Tendon injuries: from rehab to performance


Tendinopathy, often known as tendinitis, is one of the most frequent ailments sustained by sports and gym-goers. However, this name is technically wrong since ‘itis’ indicates inflammation, which is not regarded to play a significant part in most tendon disorders.

Tendinopathy is an overuse injury to the tendon that leads to collagen degradation (the main structural component of the tendon). It is thought to happen when too much tension is exerted on the tendon with insufficient time for it to recover/adapt favorably to this stress. Tendinopathy pain is often greater in the hours after exercise or the next day rather than during activity when it tends to ‘warm up’/become less painful as exercise continues.

The patellar tendon (knee), Achilles tendon, hamstrings, biceps, wrist flexors/extensors (which join proximally on the inside and outside of the elbow, respectively), and rotator cuff are all common sites for tendinopathy. This essay will concentrate on patellar tendinopathy.

**The most essential thing to remember about these injuries is that COMPLETE REST DOES NOT HELP, NOR DOES JUST PUSHING THROUGH THE PAIN***.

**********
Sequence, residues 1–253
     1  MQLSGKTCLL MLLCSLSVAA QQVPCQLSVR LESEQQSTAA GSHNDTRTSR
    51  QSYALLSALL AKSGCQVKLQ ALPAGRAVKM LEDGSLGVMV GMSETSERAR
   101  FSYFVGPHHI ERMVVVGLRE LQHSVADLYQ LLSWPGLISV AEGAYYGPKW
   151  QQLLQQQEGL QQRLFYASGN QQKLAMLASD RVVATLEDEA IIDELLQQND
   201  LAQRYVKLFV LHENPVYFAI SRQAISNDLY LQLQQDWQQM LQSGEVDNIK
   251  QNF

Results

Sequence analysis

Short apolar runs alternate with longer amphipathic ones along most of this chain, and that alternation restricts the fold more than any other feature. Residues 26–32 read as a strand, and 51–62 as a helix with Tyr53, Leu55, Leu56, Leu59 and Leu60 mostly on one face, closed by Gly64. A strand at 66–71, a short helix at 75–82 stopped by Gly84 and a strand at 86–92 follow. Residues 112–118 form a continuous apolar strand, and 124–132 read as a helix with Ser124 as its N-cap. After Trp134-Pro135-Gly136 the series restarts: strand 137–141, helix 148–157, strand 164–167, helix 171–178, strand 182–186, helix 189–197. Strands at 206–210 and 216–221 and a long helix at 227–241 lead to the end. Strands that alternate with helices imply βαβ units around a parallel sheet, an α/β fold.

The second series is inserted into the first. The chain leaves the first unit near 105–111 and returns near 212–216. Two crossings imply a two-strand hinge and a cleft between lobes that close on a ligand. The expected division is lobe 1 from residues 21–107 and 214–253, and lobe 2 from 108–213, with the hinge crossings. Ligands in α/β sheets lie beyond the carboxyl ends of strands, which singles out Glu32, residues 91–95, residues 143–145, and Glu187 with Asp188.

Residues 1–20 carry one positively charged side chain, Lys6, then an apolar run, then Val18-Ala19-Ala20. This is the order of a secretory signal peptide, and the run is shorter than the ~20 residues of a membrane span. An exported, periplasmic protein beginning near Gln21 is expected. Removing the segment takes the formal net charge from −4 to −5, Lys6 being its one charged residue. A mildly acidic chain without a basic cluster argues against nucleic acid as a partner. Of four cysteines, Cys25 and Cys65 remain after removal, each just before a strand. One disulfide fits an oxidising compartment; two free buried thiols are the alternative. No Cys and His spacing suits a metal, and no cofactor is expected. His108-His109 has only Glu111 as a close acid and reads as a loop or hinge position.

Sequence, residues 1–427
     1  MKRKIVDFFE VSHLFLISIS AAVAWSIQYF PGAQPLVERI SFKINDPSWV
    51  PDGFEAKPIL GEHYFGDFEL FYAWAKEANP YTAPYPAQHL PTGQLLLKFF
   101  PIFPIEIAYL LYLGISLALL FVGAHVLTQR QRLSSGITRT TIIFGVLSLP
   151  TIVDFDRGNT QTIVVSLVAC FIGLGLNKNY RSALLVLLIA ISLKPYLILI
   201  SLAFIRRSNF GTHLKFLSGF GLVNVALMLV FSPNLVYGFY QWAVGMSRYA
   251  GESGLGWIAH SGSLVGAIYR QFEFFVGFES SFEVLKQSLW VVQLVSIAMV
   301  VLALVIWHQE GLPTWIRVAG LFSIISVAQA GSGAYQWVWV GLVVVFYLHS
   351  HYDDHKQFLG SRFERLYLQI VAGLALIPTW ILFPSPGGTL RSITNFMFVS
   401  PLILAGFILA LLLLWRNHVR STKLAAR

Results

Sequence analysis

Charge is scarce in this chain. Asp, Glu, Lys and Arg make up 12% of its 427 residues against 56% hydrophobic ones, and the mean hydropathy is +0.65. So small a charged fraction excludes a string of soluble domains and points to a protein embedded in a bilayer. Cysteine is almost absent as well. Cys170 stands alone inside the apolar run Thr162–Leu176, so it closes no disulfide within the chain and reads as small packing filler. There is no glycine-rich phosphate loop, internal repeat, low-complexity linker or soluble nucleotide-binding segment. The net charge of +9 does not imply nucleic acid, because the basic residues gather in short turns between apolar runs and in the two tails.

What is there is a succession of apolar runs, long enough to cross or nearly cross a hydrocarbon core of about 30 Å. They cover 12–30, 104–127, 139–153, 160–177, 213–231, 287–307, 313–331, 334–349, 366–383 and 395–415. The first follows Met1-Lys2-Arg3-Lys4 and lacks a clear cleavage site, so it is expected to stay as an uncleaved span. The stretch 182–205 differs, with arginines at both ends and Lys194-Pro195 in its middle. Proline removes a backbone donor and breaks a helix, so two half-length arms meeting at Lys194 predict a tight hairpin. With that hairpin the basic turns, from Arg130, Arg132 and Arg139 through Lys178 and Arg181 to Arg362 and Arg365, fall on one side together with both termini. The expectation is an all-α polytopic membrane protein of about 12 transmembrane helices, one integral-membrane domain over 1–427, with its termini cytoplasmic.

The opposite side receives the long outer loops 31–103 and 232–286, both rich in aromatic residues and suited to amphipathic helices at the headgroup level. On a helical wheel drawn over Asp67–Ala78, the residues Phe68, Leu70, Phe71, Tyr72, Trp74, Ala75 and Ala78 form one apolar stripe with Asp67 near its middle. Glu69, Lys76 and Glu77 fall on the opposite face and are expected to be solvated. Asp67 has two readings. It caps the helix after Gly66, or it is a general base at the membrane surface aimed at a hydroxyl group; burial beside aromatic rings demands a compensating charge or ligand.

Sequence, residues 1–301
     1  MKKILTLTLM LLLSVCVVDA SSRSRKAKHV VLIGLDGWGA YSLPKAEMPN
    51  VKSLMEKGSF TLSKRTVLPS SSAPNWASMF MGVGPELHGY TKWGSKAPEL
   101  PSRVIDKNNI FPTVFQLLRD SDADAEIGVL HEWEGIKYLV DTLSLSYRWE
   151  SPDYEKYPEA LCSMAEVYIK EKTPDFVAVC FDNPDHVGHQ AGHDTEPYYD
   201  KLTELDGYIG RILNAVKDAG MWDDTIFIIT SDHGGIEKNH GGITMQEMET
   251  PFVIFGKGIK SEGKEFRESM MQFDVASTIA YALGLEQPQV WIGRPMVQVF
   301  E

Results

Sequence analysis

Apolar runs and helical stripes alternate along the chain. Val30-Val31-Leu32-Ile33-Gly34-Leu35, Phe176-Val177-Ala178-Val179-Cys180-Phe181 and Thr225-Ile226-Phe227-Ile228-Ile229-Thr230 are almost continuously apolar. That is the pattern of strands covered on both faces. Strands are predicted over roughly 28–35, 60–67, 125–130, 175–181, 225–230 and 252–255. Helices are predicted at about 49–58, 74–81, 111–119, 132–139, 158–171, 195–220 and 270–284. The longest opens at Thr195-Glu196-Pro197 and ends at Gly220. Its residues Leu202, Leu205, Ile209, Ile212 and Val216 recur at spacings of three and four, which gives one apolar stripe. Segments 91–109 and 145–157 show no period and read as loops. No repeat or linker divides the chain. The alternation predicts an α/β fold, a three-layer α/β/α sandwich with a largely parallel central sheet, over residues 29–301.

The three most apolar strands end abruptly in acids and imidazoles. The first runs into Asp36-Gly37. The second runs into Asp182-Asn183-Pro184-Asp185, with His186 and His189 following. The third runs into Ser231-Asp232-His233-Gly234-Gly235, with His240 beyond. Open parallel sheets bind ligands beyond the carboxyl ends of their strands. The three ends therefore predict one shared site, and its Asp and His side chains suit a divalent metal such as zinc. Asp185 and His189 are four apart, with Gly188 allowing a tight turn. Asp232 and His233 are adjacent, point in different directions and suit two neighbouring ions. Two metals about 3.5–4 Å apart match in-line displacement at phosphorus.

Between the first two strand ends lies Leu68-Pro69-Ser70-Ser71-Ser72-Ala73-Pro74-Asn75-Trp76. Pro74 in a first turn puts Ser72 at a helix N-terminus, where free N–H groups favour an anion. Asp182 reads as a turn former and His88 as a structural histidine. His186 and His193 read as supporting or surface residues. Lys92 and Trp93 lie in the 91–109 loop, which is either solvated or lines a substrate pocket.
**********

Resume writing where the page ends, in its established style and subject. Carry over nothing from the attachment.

This is unlike most other ailments, which tend to recover with rest over time. Tendons, on the other hand, MUST BE LOADED IN ORDER TO PROGRESS. The tough aspect is determining the proper quantity of loading! When they are overburdened, they often flare up and the discomfort worsens. They don’t improve if there isn’t enough load.

So, in this blog, I’d want to offer a tendon loading regimen that is both research-based and one that I’ve found to work well in my clinical practice.

The loading instructions are provided below.

  1. Begin with isometric holds in the mid-range for whichever muscle/tendon is bothering you (e.g. wall squat hold quarter to halfway down for the patellar tendon). Maintain for 30-45 seconds. Do two sets twice a day (e.g. 2 in the morning and 2 in the evening). Use a degree of resistance that permits you to complete the hold with less than a 3/10 level of discomfort. Don’t push through the anguish any farther. Depending on how much force you can bear, this might entail doing the wall squat on two or one legs. Do this for a week, increasing resistance as you can within your pain limitations. Isometrics are excellent early in tendon rehab since they have been demonstrated to be particularly effective for pain alleviation (1).
Courtesy: google.com

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